The number of overweight children in the United States has risen drastically over the last three decades (Centers for Disease Control [CDC], 2006). Obesity among children is of serious concern because it can lead to several health problems such as, Type II diabetes, high blood pressure, and high cholesterol (American Obesity Association [AOA], 2005).  Children have suffered psychological problems and stigma that has been associated with obesity (AOA, 2005).  It has been shown that overweight children are more likely to become obese adults (Whitaker, Wright, Pepe, Seidel, & Dietz, 1997).  Efforts to combat obesity among children have been initiated; however, obesity rates continue to soar.

Several health promotion programs are in effect in order to reduce the prevalence of overweight and obese children.  Each program has different targeting methods that appeal to children.  The incorporation of music into a nutrition awareness program may help children to understand and retain the education presented to them.  Music has shown a positive effect when used on patients that have undergone an invasive procedure (Thorgaard, Henriksen, Pedersbaek & Thomsen, 2004). Music has also been used in the classroom as an activity for children to regulate behavior (Stacy, Brittain and Kerr, 2002).  The application of music to a nutrition program may help children retain the information that is being presented.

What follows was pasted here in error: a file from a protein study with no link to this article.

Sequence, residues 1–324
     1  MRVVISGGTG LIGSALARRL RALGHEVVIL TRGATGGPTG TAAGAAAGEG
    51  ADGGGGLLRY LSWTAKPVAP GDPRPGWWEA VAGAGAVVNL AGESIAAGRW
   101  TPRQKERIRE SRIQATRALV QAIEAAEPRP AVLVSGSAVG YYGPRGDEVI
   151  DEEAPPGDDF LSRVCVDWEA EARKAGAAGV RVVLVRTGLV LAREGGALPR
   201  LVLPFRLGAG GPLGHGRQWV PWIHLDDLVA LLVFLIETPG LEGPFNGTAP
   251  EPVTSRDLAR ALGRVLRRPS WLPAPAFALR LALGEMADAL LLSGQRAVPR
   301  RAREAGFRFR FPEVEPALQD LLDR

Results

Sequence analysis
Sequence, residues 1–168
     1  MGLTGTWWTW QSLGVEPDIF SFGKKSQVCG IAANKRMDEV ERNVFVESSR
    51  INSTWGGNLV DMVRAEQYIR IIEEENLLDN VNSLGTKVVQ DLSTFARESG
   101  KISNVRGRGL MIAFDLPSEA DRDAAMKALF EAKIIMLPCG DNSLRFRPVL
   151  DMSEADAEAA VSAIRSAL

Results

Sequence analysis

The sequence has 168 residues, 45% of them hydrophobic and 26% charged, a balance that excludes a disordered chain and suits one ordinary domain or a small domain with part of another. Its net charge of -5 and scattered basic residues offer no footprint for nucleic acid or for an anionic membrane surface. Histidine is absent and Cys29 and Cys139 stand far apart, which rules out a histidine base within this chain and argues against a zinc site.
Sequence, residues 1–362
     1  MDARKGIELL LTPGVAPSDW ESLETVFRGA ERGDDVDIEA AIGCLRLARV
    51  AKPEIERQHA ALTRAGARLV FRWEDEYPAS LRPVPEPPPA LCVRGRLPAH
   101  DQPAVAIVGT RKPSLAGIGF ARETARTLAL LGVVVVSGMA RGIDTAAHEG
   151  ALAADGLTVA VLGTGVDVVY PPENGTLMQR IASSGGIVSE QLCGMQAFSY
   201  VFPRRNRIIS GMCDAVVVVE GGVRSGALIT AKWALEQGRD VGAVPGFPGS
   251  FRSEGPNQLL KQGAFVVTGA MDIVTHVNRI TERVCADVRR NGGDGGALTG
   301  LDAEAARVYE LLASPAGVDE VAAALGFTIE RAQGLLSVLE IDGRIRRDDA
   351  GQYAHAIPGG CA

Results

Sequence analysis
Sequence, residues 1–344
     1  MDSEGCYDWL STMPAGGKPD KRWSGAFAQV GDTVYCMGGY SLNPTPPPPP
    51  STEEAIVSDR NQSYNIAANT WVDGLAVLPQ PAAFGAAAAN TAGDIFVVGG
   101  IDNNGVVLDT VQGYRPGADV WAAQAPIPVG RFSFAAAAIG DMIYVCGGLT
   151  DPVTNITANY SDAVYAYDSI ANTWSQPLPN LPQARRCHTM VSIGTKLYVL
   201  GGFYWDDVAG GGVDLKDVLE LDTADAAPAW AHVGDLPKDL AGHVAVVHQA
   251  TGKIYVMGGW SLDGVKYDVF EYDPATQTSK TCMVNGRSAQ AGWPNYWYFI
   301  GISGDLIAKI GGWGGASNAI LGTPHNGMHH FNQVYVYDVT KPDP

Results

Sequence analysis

Most American children maintain a diet high in fat and do not eat enough fruits and vegetables.  According to the American Heart Association (AHA), there are four major kinds of dietary fat including saturated, polyunsaturated, monounsaturated and trans fatty acids.  Saturated fats and trans fats raise blood cholesterol (  Recommendations from the AHA include limiting foods high in saturated fat such as fatty meats and whole-milk products; eating a variety of fruits, vegetables and whole grain products; and not exceeding 7 percent of saturated fat intake of total calories each day.  

The purpose of the study was intended to describe the role music may have on learning about nutrition.  The first aim is to develop a nutrition brochure targeted towards increasing nutrition knowledge in middle school children.  The second aim is to examine whether the addition of music and a brochure to a nutrition awareness lecture will assist in the retention of knowledge among children.  It is hypothesized that the children will increase their knowledge regarding nutrition and recognize the difference between the types of dietary fat after exposure to a music CD, lecture and given a brochure.

Health Factors

Many risk factors have been shown to be associated with childhood obesity such as parental fatness, social factors, birth weight, timing or rate of maturation, physical activity/inactivity, dietary factors and psychological factors (Muller, Asbeck, Mast, Langnase & Grund, 2001).   A significant factor that contributed to childhood obesity was low social economic status (SES) (O’Dea & Wilson, 2006).   According to Vieweg, Johnston, Lanier, Fernandez, & Pandurangi (2007), low SES influenced a variety of health related factors including, health insurance; neighborhood safety; local food stores and food prices; private and public transportation; and access to gyms or health clubs.  Diet has shown to be affected by low SES in several ways.  Low SES students were more likely to consume either non-nutritious fluids for breakfast or nothing at all (O’Dea & Wilson, 2006).